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  • Chinese cure for jaundice worked out


Researchers have discovered how a Chinese herbal tea remedy for jaundice works at a molecular level, opening up new avenues for drug development.

Jaundice is caused by the accumulation of the bile pigment bilirubin, leading to yellowing of the skin and whites of the eyes. The condition is extremely common in newborn infants owing to inadequate functioning of the liver, which normally removes bilirubin from the bloodstream.

In Western nations neonatal jaundice is usually treated by exposure to ultraviolet light, which helps to break down bilirubin in the skin. But in Asia the herbal remedy Yin Zhi Huang (YZH), a tea made of four different plants including Artemisia capillaris, has been used for centuries to prevent and treat neonatal jaundice.

Writing in last week's Journal of Clinical Investigation, a research team based at Baylor College of Medicine in Houston, United States, reports that YZH works by interacting with a liver receptor involved in the breakdown of bilirubin. Furthermore, they have tracked the effect of YZH down to a single active component: 6,7-dimethylesculetin.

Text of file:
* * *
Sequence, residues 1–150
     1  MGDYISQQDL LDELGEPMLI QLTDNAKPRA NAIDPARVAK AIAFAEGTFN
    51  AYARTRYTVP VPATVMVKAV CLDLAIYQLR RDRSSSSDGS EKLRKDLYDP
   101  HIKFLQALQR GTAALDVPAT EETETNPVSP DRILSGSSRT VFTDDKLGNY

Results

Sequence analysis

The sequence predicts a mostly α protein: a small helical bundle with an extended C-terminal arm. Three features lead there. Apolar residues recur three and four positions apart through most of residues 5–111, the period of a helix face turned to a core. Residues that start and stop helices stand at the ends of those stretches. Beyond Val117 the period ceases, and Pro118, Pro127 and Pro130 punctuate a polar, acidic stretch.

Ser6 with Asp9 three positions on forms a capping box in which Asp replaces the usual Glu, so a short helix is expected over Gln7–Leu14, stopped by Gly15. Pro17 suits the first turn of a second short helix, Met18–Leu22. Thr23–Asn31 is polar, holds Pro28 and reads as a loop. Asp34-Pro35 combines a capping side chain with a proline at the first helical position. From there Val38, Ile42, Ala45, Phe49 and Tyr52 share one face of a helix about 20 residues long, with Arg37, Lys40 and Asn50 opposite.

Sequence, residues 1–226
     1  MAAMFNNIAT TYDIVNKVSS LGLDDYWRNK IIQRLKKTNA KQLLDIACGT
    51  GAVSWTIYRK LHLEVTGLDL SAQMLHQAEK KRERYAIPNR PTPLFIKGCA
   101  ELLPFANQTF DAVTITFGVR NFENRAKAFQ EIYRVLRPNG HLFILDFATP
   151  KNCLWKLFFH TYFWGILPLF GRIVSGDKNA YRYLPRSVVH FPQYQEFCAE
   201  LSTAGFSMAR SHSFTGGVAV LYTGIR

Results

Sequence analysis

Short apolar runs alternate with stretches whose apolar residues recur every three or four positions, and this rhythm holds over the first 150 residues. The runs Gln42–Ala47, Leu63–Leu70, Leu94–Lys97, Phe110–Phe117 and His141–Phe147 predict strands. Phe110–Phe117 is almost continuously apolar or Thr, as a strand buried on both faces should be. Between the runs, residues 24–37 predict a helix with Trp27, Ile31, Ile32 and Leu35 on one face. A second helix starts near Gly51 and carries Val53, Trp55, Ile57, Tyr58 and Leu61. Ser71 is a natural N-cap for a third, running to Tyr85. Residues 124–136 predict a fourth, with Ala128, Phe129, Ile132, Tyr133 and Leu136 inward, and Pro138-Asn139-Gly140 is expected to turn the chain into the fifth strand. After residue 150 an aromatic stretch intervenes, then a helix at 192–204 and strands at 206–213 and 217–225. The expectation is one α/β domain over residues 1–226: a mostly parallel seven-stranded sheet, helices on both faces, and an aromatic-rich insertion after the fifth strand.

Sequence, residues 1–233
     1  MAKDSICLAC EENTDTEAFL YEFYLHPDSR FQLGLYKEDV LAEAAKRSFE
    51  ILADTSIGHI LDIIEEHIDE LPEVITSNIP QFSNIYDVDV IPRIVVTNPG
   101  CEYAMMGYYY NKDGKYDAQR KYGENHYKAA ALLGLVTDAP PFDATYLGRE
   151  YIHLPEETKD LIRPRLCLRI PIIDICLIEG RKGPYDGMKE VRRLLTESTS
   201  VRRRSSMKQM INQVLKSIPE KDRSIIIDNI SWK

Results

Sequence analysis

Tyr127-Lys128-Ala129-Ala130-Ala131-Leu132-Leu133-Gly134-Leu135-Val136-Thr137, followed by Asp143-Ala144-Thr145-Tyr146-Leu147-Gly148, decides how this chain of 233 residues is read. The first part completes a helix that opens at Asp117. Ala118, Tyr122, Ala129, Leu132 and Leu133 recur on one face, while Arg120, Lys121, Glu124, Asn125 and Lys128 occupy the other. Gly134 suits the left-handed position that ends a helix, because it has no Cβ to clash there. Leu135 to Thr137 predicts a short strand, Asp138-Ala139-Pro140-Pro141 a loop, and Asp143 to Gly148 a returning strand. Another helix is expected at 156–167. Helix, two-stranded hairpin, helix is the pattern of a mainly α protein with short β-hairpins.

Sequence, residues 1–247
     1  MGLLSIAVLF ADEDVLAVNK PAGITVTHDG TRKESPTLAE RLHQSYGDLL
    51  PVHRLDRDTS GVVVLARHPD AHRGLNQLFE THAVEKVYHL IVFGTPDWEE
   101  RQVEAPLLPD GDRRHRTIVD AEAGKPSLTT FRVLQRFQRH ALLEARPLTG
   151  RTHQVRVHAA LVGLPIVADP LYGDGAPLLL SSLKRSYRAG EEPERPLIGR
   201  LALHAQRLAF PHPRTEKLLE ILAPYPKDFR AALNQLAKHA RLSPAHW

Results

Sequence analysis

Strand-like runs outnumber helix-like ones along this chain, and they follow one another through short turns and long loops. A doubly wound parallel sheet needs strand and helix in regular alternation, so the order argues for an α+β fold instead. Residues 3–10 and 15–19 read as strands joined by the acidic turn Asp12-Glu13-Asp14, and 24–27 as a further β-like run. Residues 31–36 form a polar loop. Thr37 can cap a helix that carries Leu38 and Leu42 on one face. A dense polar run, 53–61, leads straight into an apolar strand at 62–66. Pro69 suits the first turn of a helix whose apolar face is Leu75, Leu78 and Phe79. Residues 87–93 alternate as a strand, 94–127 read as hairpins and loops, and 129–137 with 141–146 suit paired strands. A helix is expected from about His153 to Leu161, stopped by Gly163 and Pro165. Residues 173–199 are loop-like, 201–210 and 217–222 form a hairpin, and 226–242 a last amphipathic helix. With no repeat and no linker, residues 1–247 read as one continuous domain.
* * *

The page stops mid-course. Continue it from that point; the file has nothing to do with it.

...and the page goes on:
"This is a wonderful example of knowledge gained by applying the Western scientific method to an Eastern herbal remedy," writes Mitchell A. Lazar, an endocrinologist at the University of Pennsylvania, United States, in a related perspective article.

Many Western medicine practitioners view the therapeutic use of such herbal concoctions with scepticism, as their effects on biochemical pathways are often unknown. But the researchers are optimistic that their discovery might prompt research into this particular mechanism for the development of new drugs to treat neonatal, genetic or acquired forms of jaundice.

"It will be very exciting if a pure compound emerges from the tea leaves as a pharmacological therapy for neonatal jaundice that is complementary or alternative to the current Western practice of phototherapy," adds Lazar.

Link to research paper in Journal of Clinical Investigation

Link to commentary by Mitchell A. Lazar in Journal of Clinical Investigation

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